King Kaufman's Sports Daily

In "The Baseball Songbook," musicologist and singer Jerry Silverman explores a musical golden age of sport.

By Salon Staff
June 19, 2007 8:00PM (UTC)
main article image

Ever heard of Katie Casey? Even if you haven't, you've probably sung a song about her dozens if not hundreds of times. In fact, you probably know the lyrics of that song by heart, or at least the chorus of it.

"Katie Casey was baseball mad/Had the fever and had it bad/Just to root for the hometown crew/Every sou Katie blew," it begins.


Familiar? No? Here's the rest of the verse: "On a Saturday her young beau/Called to see if she'd like to go/To see a show, but Miss Kate said 'No, /I'll tell you what you can do.'"

In "The Baseball Songbook," musicologist and folk singer Jerry Silverman collects Katie's tale and 40 others from the first half-century or so of baseball history. The book features sheet music from songs written between 1867 and 1922, as well as an introduction to each song by Silverman and a CD of him singing unadorned versions of the first verse and chorus of each, accompanying himself on the guitar.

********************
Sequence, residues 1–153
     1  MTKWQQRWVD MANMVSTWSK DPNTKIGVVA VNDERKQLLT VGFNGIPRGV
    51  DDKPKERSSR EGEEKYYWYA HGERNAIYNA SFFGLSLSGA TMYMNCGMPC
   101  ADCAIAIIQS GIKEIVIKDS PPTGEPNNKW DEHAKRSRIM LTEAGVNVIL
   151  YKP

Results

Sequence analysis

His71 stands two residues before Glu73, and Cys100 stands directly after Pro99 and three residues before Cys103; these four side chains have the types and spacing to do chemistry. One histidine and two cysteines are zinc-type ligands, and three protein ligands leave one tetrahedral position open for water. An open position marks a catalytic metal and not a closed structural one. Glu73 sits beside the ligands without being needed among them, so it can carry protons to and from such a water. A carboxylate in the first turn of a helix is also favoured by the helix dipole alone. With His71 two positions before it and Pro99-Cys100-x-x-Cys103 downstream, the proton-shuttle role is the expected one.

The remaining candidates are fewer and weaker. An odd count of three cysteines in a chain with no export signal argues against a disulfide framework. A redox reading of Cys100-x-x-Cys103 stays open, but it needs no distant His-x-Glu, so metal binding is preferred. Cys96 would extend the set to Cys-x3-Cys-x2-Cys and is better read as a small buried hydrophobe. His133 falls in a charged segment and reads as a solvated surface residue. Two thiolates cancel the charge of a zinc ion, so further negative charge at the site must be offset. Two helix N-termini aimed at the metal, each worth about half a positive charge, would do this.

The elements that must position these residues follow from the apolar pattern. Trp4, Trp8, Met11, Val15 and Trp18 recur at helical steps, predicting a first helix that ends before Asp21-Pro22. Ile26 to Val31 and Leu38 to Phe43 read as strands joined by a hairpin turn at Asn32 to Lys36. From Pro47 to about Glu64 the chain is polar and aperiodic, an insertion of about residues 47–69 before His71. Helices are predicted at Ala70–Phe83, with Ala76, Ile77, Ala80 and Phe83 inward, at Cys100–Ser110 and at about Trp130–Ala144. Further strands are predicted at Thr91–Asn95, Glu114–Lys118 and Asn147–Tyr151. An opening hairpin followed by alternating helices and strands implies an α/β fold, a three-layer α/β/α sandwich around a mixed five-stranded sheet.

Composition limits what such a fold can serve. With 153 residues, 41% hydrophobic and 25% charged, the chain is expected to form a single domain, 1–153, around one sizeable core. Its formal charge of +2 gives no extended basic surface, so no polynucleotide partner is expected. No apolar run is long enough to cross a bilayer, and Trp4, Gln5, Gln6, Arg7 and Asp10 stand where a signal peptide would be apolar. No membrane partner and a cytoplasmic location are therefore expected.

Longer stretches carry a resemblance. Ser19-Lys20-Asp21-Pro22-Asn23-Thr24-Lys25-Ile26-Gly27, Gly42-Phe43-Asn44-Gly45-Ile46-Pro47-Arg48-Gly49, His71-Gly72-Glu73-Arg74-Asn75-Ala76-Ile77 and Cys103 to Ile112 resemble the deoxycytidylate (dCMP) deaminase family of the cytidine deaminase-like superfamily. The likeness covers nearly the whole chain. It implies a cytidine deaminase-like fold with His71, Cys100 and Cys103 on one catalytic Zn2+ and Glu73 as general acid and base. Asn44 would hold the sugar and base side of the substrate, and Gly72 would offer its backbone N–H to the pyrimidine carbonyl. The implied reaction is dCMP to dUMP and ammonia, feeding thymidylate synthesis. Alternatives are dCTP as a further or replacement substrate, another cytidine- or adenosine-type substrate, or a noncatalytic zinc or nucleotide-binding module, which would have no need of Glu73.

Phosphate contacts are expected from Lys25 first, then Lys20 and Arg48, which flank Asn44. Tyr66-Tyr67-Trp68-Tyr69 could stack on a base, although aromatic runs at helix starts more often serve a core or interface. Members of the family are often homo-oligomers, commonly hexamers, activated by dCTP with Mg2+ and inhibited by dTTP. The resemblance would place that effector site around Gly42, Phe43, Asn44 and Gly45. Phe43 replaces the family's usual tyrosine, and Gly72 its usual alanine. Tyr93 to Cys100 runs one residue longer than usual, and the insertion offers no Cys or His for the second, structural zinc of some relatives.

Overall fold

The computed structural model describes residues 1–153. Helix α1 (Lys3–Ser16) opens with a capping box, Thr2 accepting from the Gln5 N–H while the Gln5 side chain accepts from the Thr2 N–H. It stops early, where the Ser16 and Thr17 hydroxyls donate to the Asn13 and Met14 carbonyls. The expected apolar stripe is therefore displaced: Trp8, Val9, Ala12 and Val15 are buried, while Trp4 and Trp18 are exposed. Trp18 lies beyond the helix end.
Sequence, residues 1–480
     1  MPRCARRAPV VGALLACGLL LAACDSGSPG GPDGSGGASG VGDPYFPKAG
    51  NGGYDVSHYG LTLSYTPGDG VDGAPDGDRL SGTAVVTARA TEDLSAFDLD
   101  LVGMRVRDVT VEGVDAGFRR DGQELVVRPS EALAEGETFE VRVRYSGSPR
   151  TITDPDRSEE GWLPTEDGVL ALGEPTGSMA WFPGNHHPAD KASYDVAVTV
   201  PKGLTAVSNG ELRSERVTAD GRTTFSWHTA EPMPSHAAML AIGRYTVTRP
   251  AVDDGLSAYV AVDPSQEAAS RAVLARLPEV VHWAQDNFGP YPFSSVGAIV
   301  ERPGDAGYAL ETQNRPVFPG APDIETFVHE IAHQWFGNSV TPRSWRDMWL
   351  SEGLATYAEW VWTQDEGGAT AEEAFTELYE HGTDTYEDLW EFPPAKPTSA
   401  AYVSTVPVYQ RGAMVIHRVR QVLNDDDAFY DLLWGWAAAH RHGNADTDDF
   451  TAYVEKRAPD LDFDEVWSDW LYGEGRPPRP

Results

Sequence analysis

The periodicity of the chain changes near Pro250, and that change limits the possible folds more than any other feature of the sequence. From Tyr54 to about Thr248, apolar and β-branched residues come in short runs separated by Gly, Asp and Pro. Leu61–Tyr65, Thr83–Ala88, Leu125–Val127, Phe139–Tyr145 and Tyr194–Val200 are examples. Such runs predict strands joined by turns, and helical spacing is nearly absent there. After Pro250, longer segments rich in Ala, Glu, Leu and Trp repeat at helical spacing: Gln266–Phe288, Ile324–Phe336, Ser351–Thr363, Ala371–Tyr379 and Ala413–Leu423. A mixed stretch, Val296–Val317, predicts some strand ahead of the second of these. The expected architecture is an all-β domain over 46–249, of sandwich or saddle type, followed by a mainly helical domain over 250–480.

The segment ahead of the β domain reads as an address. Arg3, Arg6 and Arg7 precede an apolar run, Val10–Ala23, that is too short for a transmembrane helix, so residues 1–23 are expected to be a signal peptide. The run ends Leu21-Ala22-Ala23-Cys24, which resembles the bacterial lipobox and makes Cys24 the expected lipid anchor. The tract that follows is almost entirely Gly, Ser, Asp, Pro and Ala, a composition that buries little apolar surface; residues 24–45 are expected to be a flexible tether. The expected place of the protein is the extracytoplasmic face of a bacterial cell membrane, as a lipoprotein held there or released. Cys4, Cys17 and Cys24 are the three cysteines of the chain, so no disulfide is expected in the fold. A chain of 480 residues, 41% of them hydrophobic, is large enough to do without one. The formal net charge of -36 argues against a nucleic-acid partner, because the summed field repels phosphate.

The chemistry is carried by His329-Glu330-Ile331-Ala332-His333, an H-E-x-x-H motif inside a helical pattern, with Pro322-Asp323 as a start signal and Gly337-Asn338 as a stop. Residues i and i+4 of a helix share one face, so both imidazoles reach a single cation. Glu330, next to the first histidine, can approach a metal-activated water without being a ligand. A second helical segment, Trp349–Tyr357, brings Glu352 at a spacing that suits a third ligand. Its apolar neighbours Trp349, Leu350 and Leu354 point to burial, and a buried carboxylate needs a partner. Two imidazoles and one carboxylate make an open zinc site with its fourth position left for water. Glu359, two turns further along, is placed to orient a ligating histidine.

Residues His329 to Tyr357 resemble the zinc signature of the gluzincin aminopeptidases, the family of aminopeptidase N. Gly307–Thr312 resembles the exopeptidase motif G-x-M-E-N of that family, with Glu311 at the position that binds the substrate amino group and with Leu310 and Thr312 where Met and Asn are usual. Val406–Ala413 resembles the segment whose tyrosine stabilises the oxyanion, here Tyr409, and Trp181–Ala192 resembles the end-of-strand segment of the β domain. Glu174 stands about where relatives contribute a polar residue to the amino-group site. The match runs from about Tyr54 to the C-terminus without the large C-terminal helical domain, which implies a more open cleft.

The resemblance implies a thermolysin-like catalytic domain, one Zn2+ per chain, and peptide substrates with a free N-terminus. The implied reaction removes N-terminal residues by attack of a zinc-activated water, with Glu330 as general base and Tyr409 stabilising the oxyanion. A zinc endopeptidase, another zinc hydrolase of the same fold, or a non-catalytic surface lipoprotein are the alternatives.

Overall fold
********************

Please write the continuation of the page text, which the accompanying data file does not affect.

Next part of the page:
It's a fascinating look at a time when baseball songs were a staple of mainstream popular music, none more popular than that one about Katie Casey. And what is it that Katie wanted her beau to do? Let's go to the chorus:


"Take me out to the ballgame ..."

Silverman, 76, is the author of many books of music instruction and song collections. He says he did most of his research for "The Baseball Songbook" at the Lester S. Levy Collection of Sheet Music at Johns Hopkins University. The book stops at 1922 because after that there are copyright issues, and Silverman says venerable music publishing house Alfred Publishing "didn't want to get involved in permissions and royalties and all that stuff."

But there's plenty here. The popular styles of the times are represented, from the martial-sounding "The Bat and the Ball," published two years after the end of the Civil War, through the comic vaudeville numbers of the late 19th and early 20th centuries, many featuring standard characters of the day such as the buffoonish Irishman, and on to songs about the Federal League and Babe Ruth.


There's even one co-written by -- and about -- Hall of Fame pitcher Rube Marquard, who was involved in show business through his wife, singing star Blossom Seeley.

Almost all of the songs will be new to almost everyone, though one title, "Slide, Kelly, Slide," might ring a bell even if the song itself doesn't.


Some of the big songwriters of the era are here, including George M. Cohan and Irving Berlin, both represented by work that would have to be classified as not their best.

Silverman grew up a Brooklyn Dodgers fan in, oddly enough, the Bronx. He says he's now, "by default," a New York Yankees fan. I spoke to him Monday by phone from his home in Hastings-on-Hudson, N.Y.

Why a baseball songbook? Why baseball songs?